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FCC Urges Stations, Cable Ops to Shore Up Emergency Alert Defenses

Move comes in wake of zombie hoax hacking incident 2/13/2013 09:34:52 AM Eastern

In the wake of a hacking hoax in which stations' emergency
alert systems were
hijacked for a zombie warning
, the FCC Tuesday issued an urgent alert to
stations and cable operators to update their EAS equipment, including resetting
their passwords and making sure the systems' defenses are in order.

That is according to a copy of the alert obtained by B&C.

"All EAS participants are required to take immediate
action to secure their CAP EAS equipment, including resetting passwords, and
ensuring CAP [Common Alerting Protocol] EAS equipment is secured behind
properly configured firewalls and other defensive measures," the FCC said.
"All CAP EAS equipment manufacturer models are included in this
advisory."

The FCC said all EAS participants need to change passwords
from their default settings.

The FCC alert came the same day the president signed an
executive order mandating a framework for better protections of critical
systems from cyber-attacks.

FEMA, which adopted the standard for the Common Alerting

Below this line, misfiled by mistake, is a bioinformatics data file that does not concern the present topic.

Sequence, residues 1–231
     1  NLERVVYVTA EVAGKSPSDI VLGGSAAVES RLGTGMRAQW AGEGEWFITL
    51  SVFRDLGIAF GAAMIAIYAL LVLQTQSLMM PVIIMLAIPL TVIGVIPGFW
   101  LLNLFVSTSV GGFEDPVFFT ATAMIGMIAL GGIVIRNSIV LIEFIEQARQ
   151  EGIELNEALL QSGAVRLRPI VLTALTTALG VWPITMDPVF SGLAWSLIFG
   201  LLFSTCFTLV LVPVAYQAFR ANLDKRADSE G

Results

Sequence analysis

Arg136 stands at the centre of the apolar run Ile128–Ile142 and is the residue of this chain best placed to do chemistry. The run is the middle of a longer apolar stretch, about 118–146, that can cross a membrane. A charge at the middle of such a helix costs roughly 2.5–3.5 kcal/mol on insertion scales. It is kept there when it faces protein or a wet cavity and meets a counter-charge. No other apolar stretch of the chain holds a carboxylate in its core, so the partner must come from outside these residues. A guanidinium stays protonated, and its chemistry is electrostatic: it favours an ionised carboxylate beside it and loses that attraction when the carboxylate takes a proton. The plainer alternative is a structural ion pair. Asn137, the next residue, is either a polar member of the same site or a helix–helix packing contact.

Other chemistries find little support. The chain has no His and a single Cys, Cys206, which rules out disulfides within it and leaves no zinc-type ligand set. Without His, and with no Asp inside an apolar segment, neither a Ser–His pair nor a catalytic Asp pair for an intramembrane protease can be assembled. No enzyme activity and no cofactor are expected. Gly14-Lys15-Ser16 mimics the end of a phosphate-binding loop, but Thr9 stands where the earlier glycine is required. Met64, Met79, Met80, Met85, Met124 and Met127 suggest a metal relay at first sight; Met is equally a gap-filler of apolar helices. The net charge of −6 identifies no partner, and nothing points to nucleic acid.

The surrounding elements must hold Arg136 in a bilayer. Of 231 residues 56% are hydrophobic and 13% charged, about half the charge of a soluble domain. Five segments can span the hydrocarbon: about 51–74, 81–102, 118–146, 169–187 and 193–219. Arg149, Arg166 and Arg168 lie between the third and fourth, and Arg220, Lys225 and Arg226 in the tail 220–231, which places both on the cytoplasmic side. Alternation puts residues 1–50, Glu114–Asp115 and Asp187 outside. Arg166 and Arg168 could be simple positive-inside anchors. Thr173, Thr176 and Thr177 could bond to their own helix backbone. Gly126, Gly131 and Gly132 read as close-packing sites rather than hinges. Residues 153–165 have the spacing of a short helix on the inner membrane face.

Protocol (CAP)-formatted emergency messages -- which the industry was required
to migrate to -- said Tuesday that the issue was at the station and system
level and that its "integrated public alert and warning system" had
not been breached or compromised at its end.

Ed Czarnecki, senior director of strategy and regulatory
affairs at Monroe Electronics, which manufactures EAS systems, had told B&C Tuesday that the hacking highlighted
the need for improved IT security and the FCC clearly agreed.

The FCC said media outlets needed to take the following
steps immediately:

  1. EAS Participants must change all passwords on their CAP EAS
    equipment from default factory settings, including administrator and user
    accounts.

  2. "EAS Participants are also urged to ensure that their firewalls and other
    solutions are properly configured and up-to-date.
  3. "EAS Participants are further advised to examine their CAP EAS equipment
    to ensure that no unauthorized alerts or messages have been set (queued) for
    future transmission.
  4. "If you are unable to reset the default passwords on your equipment, you
    may consider disconnecting your device's Ethernet connection until those
    settings have been updated.
  5. "EAS Participants that have questions about securing their equipment
    should consult their equipment manufacturer."

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